The Great Cellphone (And Broadband) Debate Continues
Justin Fox has already filled you in on the ongoing Brainstorm debate about the quality of U.S. mobile networks. (Thomas Hazlett thinks we're doing just fine, others wonder why we lag Europe and Korea.) That debate - and a continuing discussion about the underwhelming broadband penetration rate in the U.S. - raged on at the Connected Without Wires panel.
One audience member complained that he couldn't complete his 20-minute drive to work without multiple dropped calls. Chris Sacca of Google, no appologist for the big phone companies, was nevertheless sympathetic to their situations. He's the guy working on trying to develop a free wi-fi service in San Francisco, and he recalled that one San Francisco official actually was proud of the fact that the city hadn't authorized new cell sites in recent years: No wonder our intrepid Brainstormer's service suffered.
Somehow this discussion about wireless moved into a conversation about 'Net Neutrality - legislation that Google and others are pushing to ensure that broadband providers like AT&T, Verizon and Comcast don't charge extra fees to content providers to ensure, say, faster delivery of their content to end-users. Many people feel that the heart of the issue is that the telcos in particular are looking for ways to recoup the billions of dollars they are spending to deploy fiber to neighborhoods and homes for ultra high-speed Internet - the kind of stuff you can run video over. "AT&T says it spends hundreds of millions of dollars to deliver my service to consumers," fumed Sacca. "Well, I spend hundreds of millions of dollars, too."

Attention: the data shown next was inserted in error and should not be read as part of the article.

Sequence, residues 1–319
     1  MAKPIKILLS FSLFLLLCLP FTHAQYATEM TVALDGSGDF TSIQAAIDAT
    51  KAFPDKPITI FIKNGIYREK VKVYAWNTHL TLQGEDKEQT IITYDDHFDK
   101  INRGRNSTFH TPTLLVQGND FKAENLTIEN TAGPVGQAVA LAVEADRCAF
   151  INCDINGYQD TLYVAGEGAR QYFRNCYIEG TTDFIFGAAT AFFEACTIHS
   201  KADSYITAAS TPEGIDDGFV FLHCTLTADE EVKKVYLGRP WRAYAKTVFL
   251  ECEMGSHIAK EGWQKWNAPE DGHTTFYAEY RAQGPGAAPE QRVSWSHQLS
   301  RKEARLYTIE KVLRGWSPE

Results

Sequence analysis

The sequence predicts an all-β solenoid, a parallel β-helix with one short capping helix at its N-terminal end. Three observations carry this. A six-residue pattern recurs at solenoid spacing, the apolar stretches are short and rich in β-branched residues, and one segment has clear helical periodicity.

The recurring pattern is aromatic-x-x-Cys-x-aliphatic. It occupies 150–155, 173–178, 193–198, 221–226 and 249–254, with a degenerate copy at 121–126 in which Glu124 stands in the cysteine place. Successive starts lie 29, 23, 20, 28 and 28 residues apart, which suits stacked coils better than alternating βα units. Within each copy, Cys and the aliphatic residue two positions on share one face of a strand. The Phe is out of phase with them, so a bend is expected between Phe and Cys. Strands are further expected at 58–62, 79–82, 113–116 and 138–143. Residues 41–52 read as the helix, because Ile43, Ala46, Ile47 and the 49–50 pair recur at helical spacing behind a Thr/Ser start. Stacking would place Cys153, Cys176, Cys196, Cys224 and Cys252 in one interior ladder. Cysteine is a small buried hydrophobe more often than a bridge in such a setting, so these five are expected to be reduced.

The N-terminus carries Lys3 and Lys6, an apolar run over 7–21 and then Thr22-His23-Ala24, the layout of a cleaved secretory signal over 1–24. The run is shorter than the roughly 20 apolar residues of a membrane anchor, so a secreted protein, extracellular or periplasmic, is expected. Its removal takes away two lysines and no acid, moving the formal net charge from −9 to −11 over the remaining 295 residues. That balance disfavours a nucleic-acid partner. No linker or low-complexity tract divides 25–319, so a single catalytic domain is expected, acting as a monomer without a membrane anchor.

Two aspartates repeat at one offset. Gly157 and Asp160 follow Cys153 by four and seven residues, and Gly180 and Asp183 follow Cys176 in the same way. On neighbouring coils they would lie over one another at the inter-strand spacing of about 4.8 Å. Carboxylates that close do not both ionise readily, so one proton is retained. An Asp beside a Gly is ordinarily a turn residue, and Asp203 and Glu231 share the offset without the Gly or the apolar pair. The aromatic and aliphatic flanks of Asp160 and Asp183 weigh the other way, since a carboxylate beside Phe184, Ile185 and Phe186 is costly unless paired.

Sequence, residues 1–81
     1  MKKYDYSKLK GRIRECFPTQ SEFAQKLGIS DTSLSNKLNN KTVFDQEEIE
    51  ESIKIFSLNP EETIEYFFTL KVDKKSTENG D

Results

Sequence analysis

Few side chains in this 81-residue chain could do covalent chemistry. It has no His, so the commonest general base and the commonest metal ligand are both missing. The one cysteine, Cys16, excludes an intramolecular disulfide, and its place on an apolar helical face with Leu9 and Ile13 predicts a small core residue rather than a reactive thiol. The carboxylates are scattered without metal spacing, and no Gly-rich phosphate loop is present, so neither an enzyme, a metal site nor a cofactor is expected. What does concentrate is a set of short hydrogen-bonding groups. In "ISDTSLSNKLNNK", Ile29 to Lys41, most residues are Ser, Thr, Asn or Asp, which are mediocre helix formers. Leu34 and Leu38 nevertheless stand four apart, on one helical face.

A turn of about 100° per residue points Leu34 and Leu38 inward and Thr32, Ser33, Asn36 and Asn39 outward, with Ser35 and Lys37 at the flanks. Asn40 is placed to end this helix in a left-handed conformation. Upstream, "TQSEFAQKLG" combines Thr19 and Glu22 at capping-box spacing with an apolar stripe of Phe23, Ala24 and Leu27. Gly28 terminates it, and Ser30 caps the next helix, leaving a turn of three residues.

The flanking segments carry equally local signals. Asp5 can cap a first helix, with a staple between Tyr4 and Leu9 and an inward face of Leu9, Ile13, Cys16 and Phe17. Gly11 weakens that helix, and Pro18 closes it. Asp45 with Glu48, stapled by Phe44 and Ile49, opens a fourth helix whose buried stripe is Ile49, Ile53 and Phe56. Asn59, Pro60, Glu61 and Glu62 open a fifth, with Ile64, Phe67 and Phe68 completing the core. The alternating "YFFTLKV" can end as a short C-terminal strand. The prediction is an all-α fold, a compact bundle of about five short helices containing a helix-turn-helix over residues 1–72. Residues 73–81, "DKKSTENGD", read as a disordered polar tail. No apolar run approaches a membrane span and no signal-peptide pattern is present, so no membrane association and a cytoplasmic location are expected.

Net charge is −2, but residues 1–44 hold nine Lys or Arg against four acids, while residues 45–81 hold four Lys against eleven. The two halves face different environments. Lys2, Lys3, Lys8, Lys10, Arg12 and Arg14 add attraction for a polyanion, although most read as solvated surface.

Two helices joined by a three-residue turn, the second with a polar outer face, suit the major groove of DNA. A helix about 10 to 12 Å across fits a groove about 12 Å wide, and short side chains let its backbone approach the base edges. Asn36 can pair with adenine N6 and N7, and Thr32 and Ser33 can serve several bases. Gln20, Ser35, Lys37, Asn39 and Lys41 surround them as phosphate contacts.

Alas, we at Brainstorm didn't come up with a solution to these problems. But the 'Net Neutrality issue continues to be hot in Washington, and we'll be watching to see how it plays out.
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